This August, it will be three years since I left a job as a clerk with the Pennsylvania Department of Public Welfare (now the Pennsylvania Department of Human Services). I held that job for eighteen months, and not by choice. It was the first full-time job, with benefits, that became available to me after a year of unemployment and hair-pulling stress. The job gave me a look inside a government agency that’s often viewed as a black box — one with a number of misconceptions around it. These misconceptions are not only about how the welfare system works, but who uses it. Until I took the clerk job, my only experience with welfare was applying for Medicaid to pay the bills for a concussion I suffered in college. The hospital did all the heavy lifting for me. As intolerable as the work was, I learned a lot about the system, and I feel I should share it.
Nobody walks into the Welfare Office with a smile on their face, as if they would walk out with the magic card that would give them free food, rent, and healthcare. Everyone walks into the Welfare Office with a look of either desperation, or resignation on their faces. The Welfare Office is the place of last resort for many people. Even if you think you’ll take the system for all it’s got, stepping into the always crowded waiting room would wipe the smile off your face as you face the obstinate power of bureaucracy. I walked through that room every day, twice a day, until the police came to deal with a violent “customer” who threw chairs and attacked other people in line. I opted to come and go through the office’s back door after that.
My former district, Delancey, covers a large, diverse chunk of West Philadelphia. This includes the campuses of Drexel and Penn, University City, middle class Black neighborhoods, and out to the deep West Philadelphia ghetto. None are quite as poor and dangerous as North Philadelphia or Kensington, but I would be wary to be out by the office at 58th and Market streets after dark. The waiting room contains a cross-section of West Philadelphia: Penn and Drexel grad students, kids doing a stint with City Year, unemployed middle-class families in University City, single mothers of all ages, races, and reasons, men fresh out of prison, the homeless, and more. They all needed help. Every last one.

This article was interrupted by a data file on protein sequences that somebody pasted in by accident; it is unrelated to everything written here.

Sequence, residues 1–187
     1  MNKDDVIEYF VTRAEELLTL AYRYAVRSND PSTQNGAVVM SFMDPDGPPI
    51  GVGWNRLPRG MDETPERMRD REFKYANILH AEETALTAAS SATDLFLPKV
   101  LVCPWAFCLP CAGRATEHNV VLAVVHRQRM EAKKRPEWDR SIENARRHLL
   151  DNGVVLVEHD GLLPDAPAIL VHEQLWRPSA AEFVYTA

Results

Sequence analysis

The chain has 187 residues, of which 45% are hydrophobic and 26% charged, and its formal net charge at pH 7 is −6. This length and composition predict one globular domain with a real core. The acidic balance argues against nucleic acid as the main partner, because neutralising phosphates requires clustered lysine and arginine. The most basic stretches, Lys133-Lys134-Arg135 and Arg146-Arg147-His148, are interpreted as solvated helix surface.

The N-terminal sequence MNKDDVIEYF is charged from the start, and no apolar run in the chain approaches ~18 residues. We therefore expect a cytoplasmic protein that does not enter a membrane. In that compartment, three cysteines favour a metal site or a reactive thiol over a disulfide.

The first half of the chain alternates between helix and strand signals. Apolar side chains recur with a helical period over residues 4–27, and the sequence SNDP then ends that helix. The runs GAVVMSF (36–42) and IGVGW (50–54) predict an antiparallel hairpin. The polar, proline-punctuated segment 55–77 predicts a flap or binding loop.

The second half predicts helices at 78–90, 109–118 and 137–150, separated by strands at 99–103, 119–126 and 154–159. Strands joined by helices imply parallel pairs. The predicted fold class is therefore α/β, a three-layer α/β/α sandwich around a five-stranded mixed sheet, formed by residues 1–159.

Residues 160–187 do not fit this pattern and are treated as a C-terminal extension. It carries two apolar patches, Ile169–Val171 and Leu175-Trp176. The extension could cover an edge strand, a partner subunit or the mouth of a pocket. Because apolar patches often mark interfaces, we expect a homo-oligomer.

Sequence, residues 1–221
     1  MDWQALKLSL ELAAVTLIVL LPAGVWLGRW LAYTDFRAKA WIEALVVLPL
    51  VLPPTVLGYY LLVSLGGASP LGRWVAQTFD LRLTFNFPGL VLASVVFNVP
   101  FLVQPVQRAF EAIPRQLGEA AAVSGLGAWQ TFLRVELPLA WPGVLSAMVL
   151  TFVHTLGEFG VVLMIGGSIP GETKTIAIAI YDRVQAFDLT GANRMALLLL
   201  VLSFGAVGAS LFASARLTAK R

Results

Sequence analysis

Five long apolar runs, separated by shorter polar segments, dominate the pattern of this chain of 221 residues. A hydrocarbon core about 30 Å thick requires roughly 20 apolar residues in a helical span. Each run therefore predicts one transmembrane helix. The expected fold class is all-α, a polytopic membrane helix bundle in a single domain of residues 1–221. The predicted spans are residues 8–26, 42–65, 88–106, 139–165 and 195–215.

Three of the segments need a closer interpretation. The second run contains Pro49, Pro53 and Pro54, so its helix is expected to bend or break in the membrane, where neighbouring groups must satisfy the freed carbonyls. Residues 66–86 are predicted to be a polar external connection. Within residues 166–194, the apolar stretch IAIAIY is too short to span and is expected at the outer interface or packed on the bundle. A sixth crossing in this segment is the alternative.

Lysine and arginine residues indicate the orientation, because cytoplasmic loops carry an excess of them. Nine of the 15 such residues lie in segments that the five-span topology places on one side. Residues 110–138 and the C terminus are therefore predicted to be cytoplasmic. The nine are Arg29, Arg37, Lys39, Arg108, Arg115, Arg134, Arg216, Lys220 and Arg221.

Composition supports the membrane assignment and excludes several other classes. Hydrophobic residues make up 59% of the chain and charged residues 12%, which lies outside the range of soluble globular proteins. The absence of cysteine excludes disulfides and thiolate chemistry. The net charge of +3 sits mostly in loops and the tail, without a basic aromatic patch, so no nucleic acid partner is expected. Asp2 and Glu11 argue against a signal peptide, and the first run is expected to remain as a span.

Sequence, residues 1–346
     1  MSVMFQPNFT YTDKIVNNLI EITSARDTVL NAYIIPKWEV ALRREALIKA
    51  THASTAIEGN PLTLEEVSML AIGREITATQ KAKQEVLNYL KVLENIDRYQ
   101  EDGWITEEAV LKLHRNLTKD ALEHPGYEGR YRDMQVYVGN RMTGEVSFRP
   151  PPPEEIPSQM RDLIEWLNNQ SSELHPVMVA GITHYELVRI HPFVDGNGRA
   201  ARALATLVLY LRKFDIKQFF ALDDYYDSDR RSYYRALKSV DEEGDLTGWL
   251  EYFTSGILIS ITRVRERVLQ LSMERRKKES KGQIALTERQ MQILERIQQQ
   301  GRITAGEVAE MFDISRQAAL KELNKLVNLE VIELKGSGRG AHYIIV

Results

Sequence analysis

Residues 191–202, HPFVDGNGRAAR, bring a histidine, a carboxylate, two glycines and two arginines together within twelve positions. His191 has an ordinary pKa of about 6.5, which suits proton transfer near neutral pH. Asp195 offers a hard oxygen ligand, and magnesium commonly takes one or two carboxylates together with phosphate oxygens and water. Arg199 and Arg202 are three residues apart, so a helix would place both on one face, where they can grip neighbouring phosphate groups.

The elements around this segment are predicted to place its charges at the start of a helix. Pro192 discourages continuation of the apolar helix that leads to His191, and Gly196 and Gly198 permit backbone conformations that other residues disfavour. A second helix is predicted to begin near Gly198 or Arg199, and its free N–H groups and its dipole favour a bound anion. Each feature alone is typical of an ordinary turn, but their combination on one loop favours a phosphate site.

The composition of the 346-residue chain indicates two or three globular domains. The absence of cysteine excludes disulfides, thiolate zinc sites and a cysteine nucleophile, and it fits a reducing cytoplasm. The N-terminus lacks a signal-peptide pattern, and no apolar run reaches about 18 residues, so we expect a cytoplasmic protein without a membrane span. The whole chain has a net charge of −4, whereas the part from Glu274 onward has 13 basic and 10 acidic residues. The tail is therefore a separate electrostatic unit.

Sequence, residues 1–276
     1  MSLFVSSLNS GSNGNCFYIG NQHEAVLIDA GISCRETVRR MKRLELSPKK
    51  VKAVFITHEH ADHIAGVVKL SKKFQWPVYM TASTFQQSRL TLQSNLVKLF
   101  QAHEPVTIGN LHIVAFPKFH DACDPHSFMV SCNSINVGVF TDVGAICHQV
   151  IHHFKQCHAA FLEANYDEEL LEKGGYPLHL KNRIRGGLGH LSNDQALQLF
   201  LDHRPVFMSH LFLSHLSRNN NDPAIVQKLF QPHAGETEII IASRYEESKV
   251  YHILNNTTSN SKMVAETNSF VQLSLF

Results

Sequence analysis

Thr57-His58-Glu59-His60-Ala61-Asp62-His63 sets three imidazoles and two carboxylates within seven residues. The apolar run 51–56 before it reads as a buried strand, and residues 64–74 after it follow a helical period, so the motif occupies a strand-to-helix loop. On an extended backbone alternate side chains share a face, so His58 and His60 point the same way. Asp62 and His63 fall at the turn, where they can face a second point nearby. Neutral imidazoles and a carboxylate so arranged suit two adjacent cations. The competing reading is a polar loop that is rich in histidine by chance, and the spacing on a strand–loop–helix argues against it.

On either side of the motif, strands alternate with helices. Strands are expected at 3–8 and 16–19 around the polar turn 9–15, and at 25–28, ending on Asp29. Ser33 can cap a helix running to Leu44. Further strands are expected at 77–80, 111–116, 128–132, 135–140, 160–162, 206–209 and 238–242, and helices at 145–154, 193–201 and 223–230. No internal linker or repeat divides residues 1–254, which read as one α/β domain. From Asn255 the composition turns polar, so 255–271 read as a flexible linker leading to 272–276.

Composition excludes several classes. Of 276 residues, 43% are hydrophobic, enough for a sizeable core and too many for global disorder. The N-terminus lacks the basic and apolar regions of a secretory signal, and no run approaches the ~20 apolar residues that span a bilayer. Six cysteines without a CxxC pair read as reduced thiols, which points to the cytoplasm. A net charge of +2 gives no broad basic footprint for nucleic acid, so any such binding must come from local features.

I know this, because my job was to process applications.
It’s your typical bureaucratic nightmare to get benefits: endless forms, documentation, verification, interviews… and if anything is missing or looks off, the caseworkers will deny the claim. People can, and often do reapply several times before they get it right. Welfare offices are so understaffed and overworked that there’s no time to help anyone through the application process, to say nothing of the compassion fatigue that comes with it. At the time I worked there, Delancey had 35 caseworkers, of which twelve handled intake. One handled hospital applications for healthcare, and five handled special issuances for job training, transportation, and other needs. This left just eighteen caseworkers to handle every active case in the district, of which there were thousands. Between the other clerks and myself, we routinely handled over 100 applications per day. Many physical applications came with handwritten notes, begging for help.